Perez-Somarriba’s post-match interview is available at this link.
Morra on her thoughts after the match, “I think Estela has had a great tournament, she deserves it and I know shell do great tomorrow. But its been such a great experience. Ive had my dad here all week and to have my family around and my coaches, its been great, I really cant complain.”
The two other Miami players to advance to the finals were Laura Vallverdu and Audra Cohen in 2009 and 2007 with Vallverdu falling to Duke’s Mallory Cecil while Cohen defeated USC’s Lindsey Nelson.
Jokic became the fifth Georgia women’s player to advance to the finals, first since Chelsey Gullickson in 2010, after a straight set win over Duke sophomore Kelly Chen.
Chen came out strong and took an early 3-1 lead, and she had a chance to add a second break for 4-1, but Jokic held on the deciding point and then took the next three games to go up 5-3. Chen broke back and held for 5-5 but Jokic held and broke to take the opening set 7-5. In the second set, Jokic jumped out to a 4-1 lead and closed it out 7-5, 6-2.
“It was a really tough match,” Jokic said. “We played a really good match. I’m glad I won in straight sets though, because I have one more to go. I’ll rest as much as I can, eat, sleep and get in the ice bath to recover as best as I can. I’m going to think about strategy, but also talk to Jeff [Wallace, head coach] and Drake [Bernstein, associate head coach] in preparation for tomorrow.”
“I’m really excited for Katarina,” Georgia head coach Jeff Wallace said. “She played great today and looked healthier than what she has been. She has been pushed to max this past week playing 14 matches, which is the most by any man or woman down here. It has been a super-human effort. Today she looked strong. I really want to thank our strength and conditioning coach Katrin Koch and our athletic trainer Abbey Sponseller for the spectacular job today and leading up to it.”
Kelly Chen on how she would describe her run to the semifinals, “If I wouldve looked back five months ago, at least with individuals, I dont think I wouldve been here. But Ive worked hard to get to where I am now so even though I lost today Im still pretty proud of myself.”
The women’s final begins after the conclusion of the men’s final – no sooner than 5:30 pm eastern.
 Estela Perez-Somarriba (Miami FL Jr/ESP) def. Cameron Morra (UNC Fr/USA) 6-3, 6-1
 Katarina Jokic (UGA Soph/SRB) def. Kelly Chen (Duke So/USA) 7-5, 6-2
 Estela Perez-Somarriba (Miami FL Jr/ESP) vs.  Katarina Jokic (UGA Soph/SRB) – NB 5:30 pm ET
 Max Cressy/Keegan Smith (UCLA) def. [5-8] Timo Stodder/Preston Touliatos (Tenn) 6-2, 6-1
UCLA will have a chance to sweep doubles titles after Gabby Andrews and Ayan Broomfield advanced to the women’s final with a 6-4, 6-4 win over the top seeded USC team of Angela Kulikov and Rianna Valdes. Andrews and Broomfield jumped out to a 3-0 lead in the first set and made the single break advantage hold up. In the second set, Andrews and Broomfield broke to start the set but Kulikov and Valdes got it back on serve at 3-3. Andrews and Broomfield broke back for 4-3 and a few games later they’d serve it out.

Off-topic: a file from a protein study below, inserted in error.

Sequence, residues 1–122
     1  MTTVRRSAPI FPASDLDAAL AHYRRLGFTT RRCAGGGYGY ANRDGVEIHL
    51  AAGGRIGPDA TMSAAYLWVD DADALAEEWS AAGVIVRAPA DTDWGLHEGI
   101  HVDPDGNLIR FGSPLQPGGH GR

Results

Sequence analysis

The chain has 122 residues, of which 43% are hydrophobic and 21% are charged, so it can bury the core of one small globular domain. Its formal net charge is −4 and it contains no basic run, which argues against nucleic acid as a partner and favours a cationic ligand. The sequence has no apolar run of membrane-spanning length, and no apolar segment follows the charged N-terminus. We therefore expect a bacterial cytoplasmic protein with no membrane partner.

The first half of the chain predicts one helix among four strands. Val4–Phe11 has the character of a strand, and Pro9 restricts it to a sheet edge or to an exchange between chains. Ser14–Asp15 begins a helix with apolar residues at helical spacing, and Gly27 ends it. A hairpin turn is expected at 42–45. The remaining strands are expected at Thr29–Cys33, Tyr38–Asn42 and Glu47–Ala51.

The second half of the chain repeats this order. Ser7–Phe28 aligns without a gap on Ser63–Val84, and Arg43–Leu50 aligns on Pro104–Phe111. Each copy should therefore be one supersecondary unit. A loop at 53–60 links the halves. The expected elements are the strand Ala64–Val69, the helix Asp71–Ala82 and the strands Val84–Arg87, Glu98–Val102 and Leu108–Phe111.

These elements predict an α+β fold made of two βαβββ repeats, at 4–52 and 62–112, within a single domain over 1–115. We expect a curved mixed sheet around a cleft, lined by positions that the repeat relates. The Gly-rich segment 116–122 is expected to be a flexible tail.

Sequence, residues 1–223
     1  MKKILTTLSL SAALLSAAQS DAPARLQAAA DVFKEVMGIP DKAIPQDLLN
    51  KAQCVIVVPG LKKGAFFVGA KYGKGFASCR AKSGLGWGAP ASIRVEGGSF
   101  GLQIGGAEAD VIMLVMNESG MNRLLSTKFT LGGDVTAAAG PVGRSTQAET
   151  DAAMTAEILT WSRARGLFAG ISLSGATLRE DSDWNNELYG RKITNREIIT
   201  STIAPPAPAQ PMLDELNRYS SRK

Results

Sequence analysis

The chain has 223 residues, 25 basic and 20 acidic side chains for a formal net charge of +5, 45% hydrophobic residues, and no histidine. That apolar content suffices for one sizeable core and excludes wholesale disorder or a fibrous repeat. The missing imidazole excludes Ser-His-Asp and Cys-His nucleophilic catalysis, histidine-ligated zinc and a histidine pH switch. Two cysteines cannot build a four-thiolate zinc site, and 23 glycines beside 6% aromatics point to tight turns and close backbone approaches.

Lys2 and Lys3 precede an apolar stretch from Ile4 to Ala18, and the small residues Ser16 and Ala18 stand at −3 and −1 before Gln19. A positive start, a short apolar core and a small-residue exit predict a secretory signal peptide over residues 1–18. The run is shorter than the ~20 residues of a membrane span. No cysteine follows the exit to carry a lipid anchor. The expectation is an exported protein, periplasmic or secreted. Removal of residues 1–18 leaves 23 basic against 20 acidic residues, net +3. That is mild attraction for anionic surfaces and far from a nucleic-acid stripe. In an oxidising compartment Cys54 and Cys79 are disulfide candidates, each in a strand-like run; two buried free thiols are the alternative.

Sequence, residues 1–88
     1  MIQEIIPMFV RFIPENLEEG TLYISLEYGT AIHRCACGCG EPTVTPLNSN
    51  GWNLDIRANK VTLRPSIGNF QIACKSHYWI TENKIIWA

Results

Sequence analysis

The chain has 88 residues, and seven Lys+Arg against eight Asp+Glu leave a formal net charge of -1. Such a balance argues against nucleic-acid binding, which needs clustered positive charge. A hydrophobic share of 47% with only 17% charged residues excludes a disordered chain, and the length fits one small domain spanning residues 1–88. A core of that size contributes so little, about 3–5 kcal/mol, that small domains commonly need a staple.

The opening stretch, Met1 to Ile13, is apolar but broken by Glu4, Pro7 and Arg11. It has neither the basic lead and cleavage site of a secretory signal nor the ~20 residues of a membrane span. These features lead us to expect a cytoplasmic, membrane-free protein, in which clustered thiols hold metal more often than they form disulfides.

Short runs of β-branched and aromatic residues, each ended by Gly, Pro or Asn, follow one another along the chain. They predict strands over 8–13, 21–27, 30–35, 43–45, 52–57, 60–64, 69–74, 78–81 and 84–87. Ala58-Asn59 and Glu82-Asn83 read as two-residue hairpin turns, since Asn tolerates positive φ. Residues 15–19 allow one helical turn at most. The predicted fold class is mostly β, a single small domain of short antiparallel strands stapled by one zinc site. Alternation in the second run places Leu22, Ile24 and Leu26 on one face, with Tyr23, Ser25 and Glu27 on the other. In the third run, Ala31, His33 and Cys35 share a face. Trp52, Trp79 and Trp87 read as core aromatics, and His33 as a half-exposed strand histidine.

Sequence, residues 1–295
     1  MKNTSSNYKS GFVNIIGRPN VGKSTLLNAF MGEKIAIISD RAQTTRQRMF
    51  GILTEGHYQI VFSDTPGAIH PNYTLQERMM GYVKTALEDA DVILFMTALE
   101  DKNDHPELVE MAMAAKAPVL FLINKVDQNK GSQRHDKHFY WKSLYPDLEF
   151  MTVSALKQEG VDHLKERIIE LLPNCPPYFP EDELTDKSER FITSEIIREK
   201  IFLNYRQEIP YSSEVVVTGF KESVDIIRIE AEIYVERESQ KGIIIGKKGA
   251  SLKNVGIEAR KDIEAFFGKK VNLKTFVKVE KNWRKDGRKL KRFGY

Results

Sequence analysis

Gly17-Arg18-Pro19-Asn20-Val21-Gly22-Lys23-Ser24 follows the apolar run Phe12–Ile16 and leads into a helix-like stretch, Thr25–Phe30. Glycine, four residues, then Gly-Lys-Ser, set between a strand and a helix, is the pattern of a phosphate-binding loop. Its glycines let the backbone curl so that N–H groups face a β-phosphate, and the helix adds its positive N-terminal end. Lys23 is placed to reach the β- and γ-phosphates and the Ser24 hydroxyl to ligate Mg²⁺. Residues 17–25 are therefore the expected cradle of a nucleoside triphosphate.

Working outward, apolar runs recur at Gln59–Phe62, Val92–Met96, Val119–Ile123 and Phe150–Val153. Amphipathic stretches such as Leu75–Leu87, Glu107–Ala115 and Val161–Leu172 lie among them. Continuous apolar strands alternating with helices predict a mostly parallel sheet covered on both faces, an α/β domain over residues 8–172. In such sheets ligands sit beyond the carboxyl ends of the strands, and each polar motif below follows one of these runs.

If Andrews and Broomfield win the title they’d become the 7th UCLA women’s team to win the NCAA Doubles Championship and first since Tracy Lin and Riza Zalameda in 2008.
“Gabby and I, we both transferred here,” said Broomfield. “We both transferred to UCLA. We were looking for a more competitive program, a better program, a better place for us to grow as people and as tennis players. Win or lose tomorrow, I think we’ve done that. I think we’ve helped the program as much as we could. I think that we’ve grown as individuals. We have great relationships with the girls on the team, the coaching staff, everyone at UCLA. So I think the win would be a lot for UCLA and the tennis program, but I think win or lose, we’re really proud of what we’ve accomplished already.”
The other doubles semifinal wasn’t as close with Michigan’s Kate Fahey and Brienne Minor becoming the first Wolverines women’s duo to advance to the finals after a 6-2, 6-2 win over South Carolina’s Ingrid Gamarra Martins and Mia Horvit.
Women’s Doubles Semifinals
 Gabby Andrews/Ayan Broomfield (UCLA) def.  Angela Kulikov/Rianna Valdes (USC) 6-4, 6-4
Kate Fahey/Brienne Minor (Michigan) def.  Ingrid Gamarra Martins/Mia Horvit (South Carolina) 6-2, 6-2
Women’s Doubles Finals
 Gabby Andrews/Ayan Broomfield (UCLA) vs. Kate Fahey/Brienne Minor (Michigan) – 5 pm ET
**Quotes are from the school’s recaps or the USTA National Campus’s daily recap.